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San Diego Public Safety Committee Supports Streetlight Plan

The city's Public Safety Committee has voted to support the San Diego Police Department's controversial smart streetlight proposal this week. The technology, complete with license plate readers, was first pitched in March.

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(TNS) — The city's Public Safety Committee voted to support the San Diego Police Department's smart streetlight proposal on Wednesday, bringing the divisive tech one step closer to installation.

The department first proposed installing the cameras — 500 of them, all equipped with automated license plate reader technology — in March. If the City Council approves the plan, the city would become the largest in the country to use cameras and plate readers as part of a single network, police officials have said.

The cameras would be located across San Diego, with the highest concentrations in District 8, which includes communities like Barrio Logan, Logan Heights, Otay Mesa, and District 3, which encompasses Hillcrest, North Park and downtown San Diego.

Three committee members, Councilmembers Marni von Wilpert, Raul Campillo and Jennifer Campbell voted in favor of the proposal. Councilmember Monica Montgomery Steppe voted against it.

"I think this is what's needed to protect public safety, protect victims, and protect people who are innocent and wrongly accused," said von Wilpert, who chairs the Public Safety Committee, at Wednesday's meeting.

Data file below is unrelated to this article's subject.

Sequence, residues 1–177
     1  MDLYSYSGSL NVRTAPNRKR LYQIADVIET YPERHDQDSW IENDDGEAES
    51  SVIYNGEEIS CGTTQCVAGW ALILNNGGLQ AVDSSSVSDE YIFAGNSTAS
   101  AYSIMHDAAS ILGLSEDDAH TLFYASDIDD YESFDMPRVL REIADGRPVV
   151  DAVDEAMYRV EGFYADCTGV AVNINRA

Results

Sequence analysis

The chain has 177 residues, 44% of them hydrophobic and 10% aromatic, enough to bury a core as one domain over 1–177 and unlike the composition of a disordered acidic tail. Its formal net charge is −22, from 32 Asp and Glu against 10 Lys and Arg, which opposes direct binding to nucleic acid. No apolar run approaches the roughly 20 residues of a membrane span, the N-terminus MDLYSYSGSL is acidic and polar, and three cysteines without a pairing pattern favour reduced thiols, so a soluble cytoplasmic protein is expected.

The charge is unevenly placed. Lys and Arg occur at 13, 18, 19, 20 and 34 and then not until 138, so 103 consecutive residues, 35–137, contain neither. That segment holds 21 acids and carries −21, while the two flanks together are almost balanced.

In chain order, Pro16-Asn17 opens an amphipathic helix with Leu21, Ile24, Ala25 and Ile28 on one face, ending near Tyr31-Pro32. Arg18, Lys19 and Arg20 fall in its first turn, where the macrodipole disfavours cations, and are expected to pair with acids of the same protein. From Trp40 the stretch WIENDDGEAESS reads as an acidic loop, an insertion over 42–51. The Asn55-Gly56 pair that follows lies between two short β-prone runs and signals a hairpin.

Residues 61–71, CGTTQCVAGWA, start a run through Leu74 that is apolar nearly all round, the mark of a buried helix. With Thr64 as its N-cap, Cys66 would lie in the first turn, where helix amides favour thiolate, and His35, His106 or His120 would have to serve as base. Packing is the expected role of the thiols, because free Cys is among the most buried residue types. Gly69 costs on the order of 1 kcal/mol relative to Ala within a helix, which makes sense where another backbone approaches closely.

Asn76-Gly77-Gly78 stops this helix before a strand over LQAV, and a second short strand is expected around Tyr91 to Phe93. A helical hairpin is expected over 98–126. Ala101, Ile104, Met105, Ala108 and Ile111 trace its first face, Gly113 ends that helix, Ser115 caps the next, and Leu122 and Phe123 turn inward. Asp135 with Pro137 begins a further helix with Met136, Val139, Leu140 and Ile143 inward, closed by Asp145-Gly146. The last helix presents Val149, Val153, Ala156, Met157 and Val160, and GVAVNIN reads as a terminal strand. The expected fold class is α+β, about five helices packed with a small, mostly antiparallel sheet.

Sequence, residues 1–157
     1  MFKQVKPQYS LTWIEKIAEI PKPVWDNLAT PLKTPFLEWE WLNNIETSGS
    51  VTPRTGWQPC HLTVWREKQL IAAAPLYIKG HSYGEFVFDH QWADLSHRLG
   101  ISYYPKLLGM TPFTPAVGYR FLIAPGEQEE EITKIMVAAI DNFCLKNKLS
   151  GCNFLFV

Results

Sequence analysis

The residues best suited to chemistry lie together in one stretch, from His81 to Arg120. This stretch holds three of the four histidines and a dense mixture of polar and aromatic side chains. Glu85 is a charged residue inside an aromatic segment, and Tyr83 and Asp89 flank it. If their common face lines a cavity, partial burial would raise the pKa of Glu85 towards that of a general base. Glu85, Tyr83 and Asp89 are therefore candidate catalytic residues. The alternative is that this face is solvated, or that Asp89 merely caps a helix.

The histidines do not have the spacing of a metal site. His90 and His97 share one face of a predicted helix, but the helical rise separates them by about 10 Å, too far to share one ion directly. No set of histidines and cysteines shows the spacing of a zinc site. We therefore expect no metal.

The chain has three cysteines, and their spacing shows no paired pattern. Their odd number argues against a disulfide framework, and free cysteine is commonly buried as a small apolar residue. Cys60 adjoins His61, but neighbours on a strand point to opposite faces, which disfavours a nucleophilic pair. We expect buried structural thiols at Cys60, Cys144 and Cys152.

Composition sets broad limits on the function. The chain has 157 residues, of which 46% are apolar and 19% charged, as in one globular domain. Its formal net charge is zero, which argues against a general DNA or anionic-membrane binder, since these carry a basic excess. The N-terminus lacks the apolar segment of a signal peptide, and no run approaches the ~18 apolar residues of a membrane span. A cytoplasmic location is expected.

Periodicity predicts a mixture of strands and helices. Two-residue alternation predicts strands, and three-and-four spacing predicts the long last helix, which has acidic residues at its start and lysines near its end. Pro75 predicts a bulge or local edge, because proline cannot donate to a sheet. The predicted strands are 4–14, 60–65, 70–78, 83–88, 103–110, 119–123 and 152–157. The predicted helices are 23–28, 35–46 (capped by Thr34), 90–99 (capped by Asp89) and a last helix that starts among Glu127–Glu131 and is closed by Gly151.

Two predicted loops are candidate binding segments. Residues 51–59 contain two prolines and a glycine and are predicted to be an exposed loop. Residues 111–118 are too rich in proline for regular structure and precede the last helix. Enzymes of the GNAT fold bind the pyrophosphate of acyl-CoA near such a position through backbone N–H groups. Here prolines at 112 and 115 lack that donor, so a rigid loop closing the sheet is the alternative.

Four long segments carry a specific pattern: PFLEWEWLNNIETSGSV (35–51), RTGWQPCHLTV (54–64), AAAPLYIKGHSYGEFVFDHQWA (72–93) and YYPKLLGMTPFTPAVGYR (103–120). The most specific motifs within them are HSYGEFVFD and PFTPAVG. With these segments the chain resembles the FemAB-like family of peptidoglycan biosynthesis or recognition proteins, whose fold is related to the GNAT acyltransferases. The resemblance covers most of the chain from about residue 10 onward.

Montgomery Steppe stressed that while she's not against the use of technology to help police officers do their jobs, she feels strongly that these tools require another layer of accountability.

"This process was wasn't just intended to be a checklist, it was intended to be thorough," she said. "It was intended to promote collaboration with community members."

Speakers who opposed the technology said on Wednesday that they worried the technology would invade people's privacy and lead to overpolicing in communities of color. Many said they didn't trust the police to be good stewards of such powerful tools.

"How will this impact my community? How will this impact folks who have various immigration statuses in my community? How will this impact and criminalize other members of our community?" said Homayra Yusufi, interim executive director of the Partnership for the Advancement of New Americans. "And what we have seen with the streetlights and (license plate readers) is that there is not enough information for us to feel that these technologies will be used in a way that will not harm us."

Yusufi's organization is one of many that came together to form TRUST SD, a coalition of community groups that helped craft the city's new surveillance ordinance. Passed in September, the law requires technologies like smart streetlights be vetted before they're put to use.

Under the new law, city departments are required to disclose their surveillance technologies and compile reports outlining how those tools are used and their impact on communities.

That information then makes its way to the newly formed Privacy Advisory Board — a volunteer panel tasked with vetting the city's technologies — and, subsequently, to the City Council.